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Sign language interpreters receive top up training in medical terminologies

It was very unique; family gets together as 21 Sign Language Interpreters gathered to receive top up training in medical terminology from Monday 24th March to Wednesday 2nd April, 2014 at the Washington View Hotel, Ejisu in the Ashanti Region.

The workshop was to build the capacity of participants to effectively play their role as Sign Language Interpreters and more specifically to achieve the following:  to provide a platform to assess and grade sign language interpreters- scheduled to be completed by the end of 2014, to compile a provisional data of sign language interpreters in each region and to gather a more detailed figures from participants by the end of April,  to help mobilize and register the sign language interpreters, and to help strengthen the Association of Ghanaian Sign Language Interpreters(AGSLI) by using innovative ways to promote and improve quality and standard of sign language  interpreting  services.

In his keynote address, Executive Director of Ghana National Association of the Deaf (GNAD) James M Sambian highlighted on Inclusion and the need to embrace the communication needs of Deaf People in the Healthcare Delivery System as a rights based issue. Inclusion, the Executive Director acknowledged, is right based and it is non- discriminatory “it is based on the rights of the individual (disabled or non-disabled) to full participation in national life”. Mr. Sambian proposed involvement of all stakeholders in policy programming and implementation thus bringing all hands on desk to participate effectively in all aspects of nation building.

He buttressed his argument by citing the United Nations Conventions on the Rights of the Child, to which Ghana is a signatory.  He also mentioned the United Nations Standard Rules for the equalization of opportunities for Persons With Disabilities (PWDs), (1992), the Millennium Development Goals (MDGs), Article 25 and 29 of the 1992 Constitution of Ghana and the Disability Act of Parliament (2006).

Inclusion in summary is a right not charity or sympathy for the vulnerable in society such as Deaf Persons and PWDs to be given access to healthcare in the desired and appropriate formats (Sign Language Interpreters for the deaf, prescriptions in Braille or soft copy for the blind, ramps/wheelchairs for the physically disabled, flexibility for the intellectually disabled to mention but a few).

The following were identified as challenges of Sign Language Interpreters in Ghana: multiplicity of sign language varieties used in Ghana, non-existence of standard learning and teaching materials suitable for the deaf, lack of sign language interpreters trained and qualified to teach the deaf through the medium of sign language and high levels of illiteracy amongst the deaf. The rest are high unemployment rate amongst the deaf, poor or no delivery of public services to the deaf due mainly to inadequate budget allocation from central governments to public institutions, and weak association of the sign language interpreters.

Individual assessment was conducted after the open ceremony led by the National President Emmanuel Kweku Sackey. The assessment team consisted of: Emmanuel Kweku Sackey, Benjamin Bekoe, Godwin Amenumey, Marco Stanley Nyarko, and Kwabena Duah (all Sign Language Instructor) and Sign Language Interpreter George Pinto.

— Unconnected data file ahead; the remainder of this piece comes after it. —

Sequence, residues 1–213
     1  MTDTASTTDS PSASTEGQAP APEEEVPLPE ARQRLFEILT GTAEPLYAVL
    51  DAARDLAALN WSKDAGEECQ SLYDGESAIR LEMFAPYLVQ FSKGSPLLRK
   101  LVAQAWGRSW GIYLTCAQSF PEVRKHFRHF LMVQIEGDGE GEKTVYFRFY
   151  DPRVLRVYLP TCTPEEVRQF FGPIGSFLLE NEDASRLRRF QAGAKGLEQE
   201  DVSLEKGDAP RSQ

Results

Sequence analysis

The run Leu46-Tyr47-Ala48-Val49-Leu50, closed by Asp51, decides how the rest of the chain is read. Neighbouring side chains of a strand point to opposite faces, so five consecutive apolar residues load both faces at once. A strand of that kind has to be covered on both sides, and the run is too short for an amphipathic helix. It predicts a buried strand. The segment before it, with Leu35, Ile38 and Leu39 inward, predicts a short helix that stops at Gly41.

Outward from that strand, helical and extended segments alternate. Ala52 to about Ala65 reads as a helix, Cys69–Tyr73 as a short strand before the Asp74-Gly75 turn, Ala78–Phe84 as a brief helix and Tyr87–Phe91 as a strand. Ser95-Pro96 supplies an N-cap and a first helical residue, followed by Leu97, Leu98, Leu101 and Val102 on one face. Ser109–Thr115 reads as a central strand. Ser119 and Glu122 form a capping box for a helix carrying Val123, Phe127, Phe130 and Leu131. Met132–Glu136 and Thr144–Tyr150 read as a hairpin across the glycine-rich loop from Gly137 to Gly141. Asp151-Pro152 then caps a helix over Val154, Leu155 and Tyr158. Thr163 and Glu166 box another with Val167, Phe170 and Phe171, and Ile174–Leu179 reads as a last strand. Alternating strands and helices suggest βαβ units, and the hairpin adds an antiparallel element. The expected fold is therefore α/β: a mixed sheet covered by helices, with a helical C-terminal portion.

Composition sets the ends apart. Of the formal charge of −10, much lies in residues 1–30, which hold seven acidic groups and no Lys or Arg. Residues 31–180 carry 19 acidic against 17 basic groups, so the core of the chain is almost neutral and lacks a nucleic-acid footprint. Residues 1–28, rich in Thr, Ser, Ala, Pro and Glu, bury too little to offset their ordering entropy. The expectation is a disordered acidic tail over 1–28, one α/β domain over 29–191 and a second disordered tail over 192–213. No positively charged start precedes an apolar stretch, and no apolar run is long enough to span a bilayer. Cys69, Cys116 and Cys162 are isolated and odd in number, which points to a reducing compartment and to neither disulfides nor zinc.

The main facilitators were Messrs Pinto and Nyarko. The topics treated were:  mode/tone imitation, the interpretation situation, medical / health related signs, sign- to -voice interpreting, interpreters position, professional practice/code of ethics , pronounce & indexing, rules in finger – spelling.

Messrs. Bekoe, Sackey, Amenumey and Kwabena Duah took the participants through related words, idioms and health related words. The capacity of the interpreters was assessed as they took turns to interpreter recorded audios, music, voice and also did voice over interpretation. Participants also had time to discuss matters of interest- the very issues that help promote the development of AGSLI.

GNAD Communications Officer Julius Akuokoh was assigned to take photos and videos and prepare them as resources materials for participants aside providing other logistics supports.

It was indeed a family gets together and very unique of all the training organized for Sign Language Interpreters because it focused on health related signs with assessment by the owners of the language- the Deaf People themselves. The final evaluation reviewed that the participants did enjoy; many appealing for more of such a family gets together -training to master idioms in sign language. Our thanks go STAR-Ghana for the financial support.     

 

 

 

 

 

 

 

 

 

 

 

 

 

 

 

 

 

 

 

 

 

 

 

 

 

 

 

 

 

Discussion

4 Responses to “Sign language interpreters receive top up training in medical terminologies”

  1. this is really going to help.
    thanks to the team

    Posted by Amparbeng Godfred | 12/04/2014, 8:02 am
  2. I wish to be part of this noble family .

    Posted by mercy Boadua Eduful | 11/05/2014, 11:05 pm
  3. Very good effort to train interpreters in sign language. My worry is the multiplicity of signs in the country. I think the association should focus more on registering more interpreters and to help standardise the language. There can even be a written Ghanaian sign language.
    Tnx

    Posted by Dzeani Phinehas | 04/06/2016, 8:14 pm
  4. Great work… But more interpreters need to be registered and engaged in education like this

    Posted by Asomani Bismark Osei | 21/07/2017, 3:24 am

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